Apereo Foundation Fast - Wilma Hodges, Sakai Community Manager

Wilma HodgesApereo Foundation Fast is an interview series that gives a quick "behind the scenes" peek at the Apereo community. This installment is an interview with our amazing Sakai Community Manager, Wilma Hodges, Ed.D.!


Wilma Hodges is the Sakai Community Manager for the Sakai LMS, an Apereo Foundation Software Community. Wilma is also the Director of Training and eLearning Initiatives at Longsight. She has more than 20 years experience in faculty training, LMS administration, online pedagogy, instructional design, online course and program development, teaching, and technical writing. Wilma has been involved with the Sakai project since 2009, and plays a leadership role in a number of Sakai community groups.


AFF: Wilma, thank you for finding time to be interviewed by Apereo Foundation Fast. We appreciate you being with us!

WH: Happy to! Thanks for thinking of me.


AFF: You have been with the Sakai community since 2009. How did you become involved in the project in the first place? What has kept you engaged and invested in the project all these years?

WH: I first became involved with Sakai in 2009 during my time at Seminole State College. I was the department head for the Distance Learning Department there for more than 10 years, and an Instructional Technology Specialist for several years prior to that. In my role working with faculty and course development for online courses and programs, I served as the primary learning management system (LMS) administrator for the institution. After experiencing repeated dissatisfaction in using several commercial LMSs, we began looking at open source options. The idea of having more direct control over our technological destiny was a very appealing one. By partnering with Longsight and working through them with the Sakai Community, my institution was able to contribute and shape the development of the features and functionality that were most important to our faculty. Seminole State piloted Sakai in 2009 and adopted it as the campus-wide LMS in 2010.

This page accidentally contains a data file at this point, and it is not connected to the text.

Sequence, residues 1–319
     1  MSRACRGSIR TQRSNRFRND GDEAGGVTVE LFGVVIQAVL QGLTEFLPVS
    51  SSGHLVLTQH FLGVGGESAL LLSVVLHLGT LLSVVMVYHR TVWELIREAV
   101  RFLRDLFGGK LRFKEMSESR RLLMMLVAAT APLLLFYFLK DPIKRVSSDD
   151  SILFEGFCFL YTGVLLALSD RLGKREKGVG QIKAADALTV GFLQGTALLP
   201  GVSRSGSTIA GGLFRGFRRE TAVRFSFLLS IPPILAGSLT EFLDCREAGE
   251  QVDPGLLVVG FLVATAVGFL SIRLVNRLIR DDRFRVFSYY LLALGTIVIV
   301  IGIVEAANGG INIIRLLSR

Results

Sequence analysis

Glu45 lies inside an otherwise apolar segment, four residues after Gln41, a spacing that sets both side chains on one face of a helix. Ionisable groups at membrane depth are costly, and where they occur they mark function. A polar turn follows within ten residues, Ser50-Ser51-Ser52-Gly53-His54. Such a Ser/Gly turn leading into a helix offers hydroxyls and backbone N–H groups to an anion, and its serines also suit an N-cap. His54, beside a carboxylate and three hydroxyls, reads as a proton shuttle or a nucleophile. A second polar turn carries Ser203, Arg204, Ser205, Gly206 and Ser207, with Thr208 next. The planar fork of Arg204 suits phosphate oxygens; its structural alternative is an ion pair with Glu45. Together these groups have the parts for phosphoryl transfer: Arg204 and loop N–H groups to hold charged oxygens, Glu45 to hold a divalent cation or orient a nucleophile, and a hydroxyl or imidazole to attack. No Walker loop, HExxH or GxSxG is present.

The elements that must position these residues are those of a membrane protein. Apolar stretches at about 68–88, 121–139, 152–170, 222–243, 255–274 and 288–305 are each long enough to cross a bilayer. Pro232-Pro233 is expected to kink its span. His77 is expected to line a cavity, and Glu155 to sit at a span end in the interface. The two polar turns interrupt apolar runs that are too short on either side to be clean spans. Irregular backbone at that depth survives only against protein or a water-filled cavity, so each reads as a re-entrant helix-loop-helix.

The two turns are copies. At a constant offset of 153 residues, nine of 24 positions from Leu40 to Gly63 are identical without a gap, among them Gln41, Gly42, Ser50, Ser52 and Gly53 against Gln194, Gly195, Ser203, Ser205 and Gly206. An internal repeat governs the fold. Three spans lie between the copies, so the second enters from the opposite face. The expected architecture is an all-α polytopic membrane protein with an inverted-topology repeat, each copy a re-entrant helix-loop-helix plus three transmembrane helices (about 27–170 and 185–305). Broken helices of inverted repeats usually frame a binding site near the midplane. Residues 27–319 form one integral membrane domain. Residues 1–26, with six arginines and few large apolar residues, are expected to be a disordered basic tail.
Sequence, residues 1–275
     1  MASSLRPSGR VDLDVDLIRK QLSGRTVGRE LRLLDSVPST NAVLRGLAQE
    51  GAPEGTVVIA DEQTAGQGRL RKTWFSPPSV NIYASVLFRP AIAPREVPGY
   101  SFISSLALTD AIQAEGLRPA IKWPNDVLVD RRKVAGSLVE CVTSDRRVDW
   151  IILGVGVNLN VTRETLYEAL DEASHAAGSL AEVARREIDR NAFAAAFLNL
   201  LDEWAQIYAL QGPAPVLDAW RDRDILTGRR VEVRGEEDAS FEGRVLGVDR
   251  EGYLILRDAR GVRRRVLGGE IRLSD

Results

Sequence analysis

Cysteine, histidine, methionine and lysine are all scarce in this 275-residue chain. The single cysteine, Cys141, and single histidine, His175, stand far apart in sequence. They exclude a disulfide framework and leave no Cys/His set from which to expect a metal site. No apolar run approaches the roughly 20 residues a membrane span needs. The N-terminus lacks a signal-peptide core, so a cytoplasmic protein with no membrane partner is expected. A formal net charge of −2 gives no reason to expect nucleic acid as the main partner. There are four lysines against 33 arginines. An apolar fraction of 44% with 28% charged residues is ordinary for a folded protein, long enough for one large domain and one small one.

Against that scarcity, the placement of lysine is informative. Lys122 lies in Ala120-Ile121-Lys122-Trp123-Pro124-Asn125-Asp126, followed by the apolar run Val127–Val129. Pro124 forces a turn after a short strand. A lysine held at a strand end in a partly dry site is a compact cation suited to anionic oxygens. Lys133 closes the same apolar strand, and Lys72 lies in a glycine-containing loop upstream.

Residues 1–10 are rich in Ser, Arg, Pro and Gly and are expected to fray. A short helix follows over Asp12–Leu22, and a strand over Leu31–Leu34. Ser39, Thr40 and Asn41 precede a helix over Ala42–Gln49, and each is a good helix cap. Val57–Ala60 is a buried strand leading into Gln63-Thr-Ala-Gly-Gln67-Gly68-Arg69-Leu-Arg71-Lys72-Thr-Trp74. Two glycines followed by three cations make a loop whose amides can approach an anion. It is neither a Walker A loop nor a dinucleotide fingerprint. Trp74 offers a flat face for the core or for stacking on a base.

The thing that I found most compelling about the Sakai community at that time, and it is still true today, is the ability for institutions and individuals to contribute to the project directly and influence the features, product strategy, and development timeline in a very tangible way. That is something I hadn’t often seen in my work with commercial LMS vendors and it was truly a breath of fresh air. I also very much appreciated the openness and transparency we had with our Sakai managed services provider, Longsight. In my experience, the support I’d received from other vendors was often lacking. Longsight’s consistently high level of customer service and focus on client satisfaction was like night and day. In fact, I had such a high level of respect for the folks at Longsight that, after leaving Seminole State in 2013, I ended up joining the Longsight team. I knew from my experience working with the Sakai community that there were ways I could contribute and make a real difference. I’m very happy that I’ve found a role where I can continue to work toward the betterment of an open source project like Sakai, both on behalf of Longsight and on behalf of the community, and keep improving it for all adopters. Technology is constantly changing, as are the needs of learners and faculty. Finding new and creative ways to meet those needs is a constant and welcome challenge; it allows me to keep learning and growing as a professional. The freedom to work directly with stakeholders, designers, and developers in order to innovate and improve the product is what keeps me engaged.